Book/Author: My Best Friend’s Exorcism by Grady Hendrix (2016)
Reviewer: Paige Richards
Age/Genre: YA – Adult
Preferred Reading Environment: Low-lit room with some spooky vibes. Maybe a porch in the fall.
Reading Accoutrements: A blanket to hide under during the scary parts. A bowl of popcorn. Some hot apple cider. Or maybe lean into the ‘80s thing with a side-ponytail and a ripped jean jacket.
Content Notes: Brief animal killing towards the end. Implied Sexual assault.
Hello fellow reader, let me tell you something about myself. I am an easy sell for some good cover art. I was immediately drawn to Grady Hendrix’s book My Best Friend’s Exorcism because the cover art is most excellent. Specifically, the paperback book’s cover art, which isn’t the same as the hardcover, is the one that is so incredible. So let’s pretend we live in a world where the paperback is the only one that exists. If you are not a person so easily swooned by cover art, I have good news, this book also contains humor, spookiness, best friends and demons!
My Best Friend’s Exorcism, is described on the back sleeve as “… an unholy hybrid of Beaches and The Exorcist.” Set in the ‘80s, two inseparable best friends deal with the biggest problem they may ever face, a demonic possession. What’s great about this book is that it has so much heart. It’s funny, it’s dark and it’s a total ‘80s throwback. Play that nostalgia card!
This book has some really incredible characters. They are extremely easy to connect with and believable in their journeys. We start off our story with a group of girls, specifically Abby and Gretchen, long time friends, with a typical “meet-cute.” Can you have a meet-cute for a non-romantic coupling of people? Regardless, it happened, set at a roller rink, dressed in E.T. references, and soundtracked by iconic song lyrics. Our protagonist, Abby, is so relatable: working a shit job trying to pay for the things she needs to be cool, using all the magazine-advertised products to fight the acne on her face, and trying to stay close and relevant to her rich friend Gretchen. The rich friend/poor friend dynamic is so often told that it could easily become boring. What I appreciate in Hendrix’s writing is that during the times where Abby and Gretchen are together it’s not a divider for them, and we can really focus on the bond between the two of them. The division occurs in Abby’s self criticism. This helps set up a thread of self-doubt throughout this whole book, leading to great struggle.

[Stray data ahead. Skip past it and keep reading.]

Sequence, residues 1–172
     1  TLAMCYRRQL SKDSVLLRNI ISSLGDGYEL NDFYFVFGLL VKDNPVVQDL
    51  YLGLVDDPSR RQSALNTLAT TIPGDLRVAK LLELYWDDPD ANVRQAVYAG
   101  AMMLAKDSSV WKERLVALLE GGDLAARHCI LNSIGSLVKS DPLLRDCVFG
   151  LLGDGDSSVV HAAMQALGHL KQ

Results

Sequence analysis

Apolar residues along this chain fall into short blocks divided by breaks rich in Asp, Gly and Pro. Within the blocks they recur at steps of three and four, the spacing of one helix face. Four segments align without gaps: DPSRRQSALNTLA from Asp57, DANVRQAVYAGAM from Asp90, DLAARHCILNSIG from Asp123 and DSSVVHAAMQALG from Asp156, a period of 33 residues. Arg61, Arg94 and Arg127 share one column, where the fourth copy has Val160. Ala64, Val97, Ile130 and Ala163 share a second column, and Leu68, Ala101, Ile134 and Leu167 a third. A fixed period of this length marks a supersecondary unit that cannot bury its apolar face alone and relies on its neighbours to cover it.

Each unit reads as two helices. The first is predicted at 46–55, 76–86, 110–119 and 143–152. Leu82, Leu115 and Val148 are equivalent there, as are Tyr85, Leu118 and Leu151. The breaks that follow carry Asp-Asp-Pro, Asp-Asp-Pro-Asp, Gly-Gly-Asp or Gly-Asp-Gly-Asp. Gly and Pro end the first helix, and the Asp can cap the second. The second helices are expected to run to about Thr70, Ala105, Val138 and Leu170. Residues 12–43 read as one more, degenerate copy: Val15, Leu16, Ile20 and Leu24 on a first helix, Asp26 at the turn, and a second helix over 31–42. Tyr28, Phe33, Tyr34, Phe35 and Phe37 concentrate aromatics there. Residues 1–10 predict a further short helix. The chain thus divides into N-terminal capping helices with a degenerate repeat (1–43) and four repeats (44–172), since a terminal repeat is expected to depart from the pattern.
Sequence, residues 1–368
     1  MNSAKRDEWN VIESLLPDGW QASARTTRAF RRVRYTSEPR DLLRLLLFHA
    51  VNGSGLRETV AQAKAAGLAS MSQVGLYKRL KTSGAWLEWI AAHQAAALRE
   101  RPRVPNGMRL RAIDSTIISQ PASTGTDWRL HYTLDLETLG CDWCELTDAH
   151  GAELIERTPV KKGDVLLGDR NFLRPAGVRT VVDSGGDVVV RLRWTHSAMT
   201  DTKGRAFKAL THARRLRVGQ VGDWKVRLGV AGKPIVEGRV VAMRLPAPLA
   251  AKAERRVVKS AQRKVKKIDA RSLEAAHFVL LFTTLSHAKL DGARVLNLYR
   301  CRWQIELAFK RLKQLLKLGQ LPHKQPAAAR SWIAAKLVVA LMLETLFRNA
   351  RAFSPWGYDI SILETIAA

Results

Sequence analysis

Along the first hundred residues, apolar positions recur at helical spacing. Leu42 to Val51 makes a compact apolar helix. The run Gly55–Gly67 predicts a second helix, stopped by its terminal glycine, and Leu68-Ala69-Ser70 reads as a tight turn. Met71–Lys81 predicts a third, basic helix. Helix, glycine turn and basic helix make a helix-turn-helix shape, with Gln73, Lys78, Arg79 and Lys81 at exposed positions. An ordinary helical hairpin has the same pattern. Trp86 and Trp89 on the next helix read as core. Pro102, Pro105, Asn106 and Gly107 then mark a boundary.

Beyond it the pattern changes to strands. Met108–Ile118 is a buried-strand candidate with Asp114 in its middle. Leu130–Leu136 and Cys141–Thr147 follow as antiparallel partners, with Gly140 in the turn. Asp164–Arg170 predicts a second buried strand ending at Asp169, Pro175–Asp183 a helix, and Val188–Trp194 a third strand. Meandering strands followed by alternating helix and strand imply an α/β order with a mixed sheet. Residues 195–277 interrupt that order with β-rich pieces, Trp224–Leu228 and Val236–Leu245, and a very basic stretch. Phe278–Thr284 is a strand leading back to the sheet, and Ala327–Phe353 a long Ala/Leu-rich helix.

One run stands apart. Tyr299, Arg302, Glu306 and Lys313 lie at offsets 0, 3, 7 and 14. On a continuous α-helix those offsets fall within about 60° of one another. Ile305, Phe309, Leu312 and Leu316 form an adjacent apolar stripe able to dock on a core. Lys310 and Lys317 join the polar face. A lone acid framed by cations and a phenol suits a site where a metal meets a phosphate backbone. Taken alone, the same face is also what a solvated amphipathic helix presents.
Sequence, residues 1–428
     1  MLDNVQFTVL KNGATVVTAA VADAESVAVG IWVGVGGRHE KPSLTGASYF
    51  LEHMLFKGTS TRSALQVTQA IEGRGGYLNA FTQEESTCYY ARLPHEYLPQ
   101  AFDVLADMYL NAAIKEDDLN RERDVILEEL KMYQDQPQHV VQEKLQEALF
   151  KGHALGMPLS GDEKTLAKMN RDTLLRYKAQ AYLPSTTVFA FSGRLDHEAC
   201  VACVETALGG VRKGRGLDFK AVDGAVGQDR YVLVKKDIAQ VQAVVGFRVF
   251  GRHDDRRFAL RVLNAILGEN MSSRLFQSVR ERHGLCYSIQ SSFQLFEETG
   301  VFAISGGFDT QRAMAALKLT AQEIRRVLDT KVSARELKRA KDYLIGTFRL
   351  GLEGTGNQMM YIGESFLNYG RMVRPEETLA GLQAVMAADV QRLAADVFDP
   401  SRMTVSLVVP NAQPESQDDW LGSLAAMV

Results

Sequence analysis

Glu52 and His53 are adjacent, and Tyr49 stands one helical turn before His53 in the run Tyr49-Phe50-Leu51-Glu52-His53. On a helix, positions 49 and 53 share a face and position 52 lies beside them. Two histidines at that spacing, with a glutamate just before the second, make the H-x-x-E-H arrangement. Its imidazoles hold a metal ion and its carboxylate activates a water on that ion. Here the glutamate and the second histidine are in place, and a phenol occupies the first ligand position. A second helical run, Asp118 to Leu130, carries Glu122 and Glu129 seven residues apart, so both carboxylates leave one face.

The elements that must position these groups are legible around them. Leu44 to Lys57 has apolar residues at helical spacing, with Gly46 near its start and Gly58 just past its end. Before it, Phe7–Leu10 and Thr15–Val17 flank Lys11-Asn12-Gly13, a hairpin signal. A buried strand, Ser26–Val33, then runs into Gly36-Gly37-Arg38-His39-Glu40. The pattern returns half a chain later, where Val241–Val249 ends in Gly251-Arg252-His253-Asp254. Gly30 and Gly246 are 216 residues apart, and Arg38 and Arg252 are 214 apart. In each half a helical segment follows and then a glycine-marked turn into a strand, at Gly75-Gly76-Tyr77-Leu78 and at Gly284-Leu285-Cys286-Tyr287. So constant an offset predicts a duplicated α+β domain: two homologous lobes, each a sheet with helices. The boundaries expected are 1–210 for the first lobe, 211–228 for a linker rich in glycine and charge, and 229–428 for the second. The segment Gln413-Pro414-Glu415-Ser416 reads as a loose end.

I think back to my time in early highschool and the girls we all used to know. Unfortunately, betrayal, tears, and isolation is not an uncommon wave of experiences for teens to feel during those times of growth and axe body spray; the movie Mean Girls is practically a case study on the majority of highschool experiences. Wouldn’t it be easier to assume that the person who I thought I was friends with was possessed, rather than that she was just talking about me behind my back? Wouldn’t I prefer to think a demon was the one convincing my friend to call me fat and not a person I once trusted? This is why this book is so good; the things that Abby begins to deal with after Gretchen’s assumed possession are so similar to what “mean girls” do to one another that even the reader is questioning if we believe that Gretchen is possessed. Maybe Gretchen is mad at Abby and reacting as a teen girl would stereotypically react? Abby is on a journey to find some kind of confidence in herself and trust that she truly knows Gretchen. She has to convince herself that Gretchen is possessed,that Abby is not just crazy and she has to do everything she can to get her friend back.
“Are you all right?” Abby asked.
Gretchen wrinkled her brow.
“Why wouldn’t I be?” She asked.
“All that stuff,” Abby said. “Last week? Everything that was going on?”
Gretchen raised an eyebrow and gave a half smile.
“I don’t know what you’re talking about,” she said. “I’m fine. But maybe something’s wrong with you?”
Now, for all you horror fans, so far this review has set the book up to sound very sentimental (aka the Beaches half of this book). Don’t worry, we really kick into The Exorcist portion of this book with a fury. It gets bloody, it gets creepy, and (I guess, maybe potentially a spoiler?) Abby is left to fight that punk-ass demon who is inside of her BFF Gretchen. Abby has spent the first half of the book isolated; she’s been manipulated, she’s pissed and pulling out all the big guns and yet she’s still just one highschool sophomore.
Now, without stepping too far into spoiler territory, here’s why I recommend this book to most people I talk to: I think there’s a universal story in here about finding who you are, fighting for what’s important to you, and then holding strong to your truth. This book inspires me to look at my crew and feel confident that I would go toe-to-toe with a demon for any of them, and appreciate the hell out of the fact that I have those people.
Let me know if you read this book! There are so many gold nuggets and references that I left out so the reader can fall upon them themselves. If you know of any other books that have girls, demons, and friendship, share those deets with me, I’d love to dive into another one.